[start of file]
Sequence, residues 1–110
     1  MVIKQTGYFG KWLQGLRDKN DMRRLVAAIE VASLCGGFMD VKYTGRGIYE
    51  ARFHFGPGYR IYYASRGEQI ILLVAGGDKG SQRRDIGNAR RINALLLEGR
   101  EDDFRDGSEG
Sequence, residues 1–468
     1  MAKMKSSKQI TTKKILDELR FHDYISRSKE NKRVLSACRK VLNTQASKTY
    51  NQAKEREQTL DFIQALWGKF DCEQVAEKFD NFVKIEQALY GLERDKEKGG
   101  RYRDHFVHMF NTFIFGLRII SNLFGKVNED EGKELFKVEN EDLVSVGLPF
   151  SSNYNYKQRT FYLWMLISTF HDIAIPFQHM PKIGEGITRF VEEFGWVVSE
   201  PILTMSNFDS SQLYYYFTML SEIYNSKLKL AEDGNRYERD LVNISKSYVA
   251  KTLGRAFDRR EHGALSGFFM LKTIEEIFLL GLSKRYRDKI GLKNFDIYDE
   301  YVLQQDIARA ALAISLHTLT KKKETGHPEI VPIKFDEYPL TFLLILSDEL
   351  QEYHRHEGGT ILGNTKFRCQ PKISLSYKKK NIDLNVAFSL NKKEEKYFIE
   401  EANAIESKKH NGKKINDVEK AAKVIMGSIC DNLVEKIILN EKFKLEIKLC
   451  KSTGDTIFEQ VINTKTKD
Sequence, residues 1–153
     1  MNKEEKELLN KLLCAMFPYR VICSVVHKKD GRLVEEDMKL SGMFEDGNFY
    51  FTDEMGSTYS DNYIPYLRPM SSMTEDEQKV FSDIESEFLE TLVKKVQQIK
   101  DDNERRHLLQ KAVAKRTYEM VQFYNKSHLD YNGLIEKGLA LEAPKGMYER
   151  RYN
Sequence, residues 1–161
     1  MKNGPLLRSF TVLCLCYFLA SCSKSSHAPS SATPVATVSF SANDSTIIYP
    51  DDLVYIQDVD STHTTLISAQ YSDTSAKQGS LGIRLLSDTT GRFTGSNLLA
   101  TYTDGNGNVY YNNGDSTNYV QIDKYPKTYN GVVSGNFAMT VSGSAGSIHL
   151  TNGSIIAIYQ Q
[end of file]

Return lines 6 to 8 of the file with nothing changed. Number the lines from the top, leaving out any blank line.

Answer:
     1  MAKMKSSKQI TTKKILDELR FHDYISRSKE NKRVLSACRK VLNTQASKTY
    51  NQAKEREQTL DFIQALWGKF DCEQVAEKFD NFVKIEQALY GLERDKEKGG
   101  RYRDHFVHMF NTFIFGLRII SNLFGKVNED EGKELFKVEN EDLVSVGLPF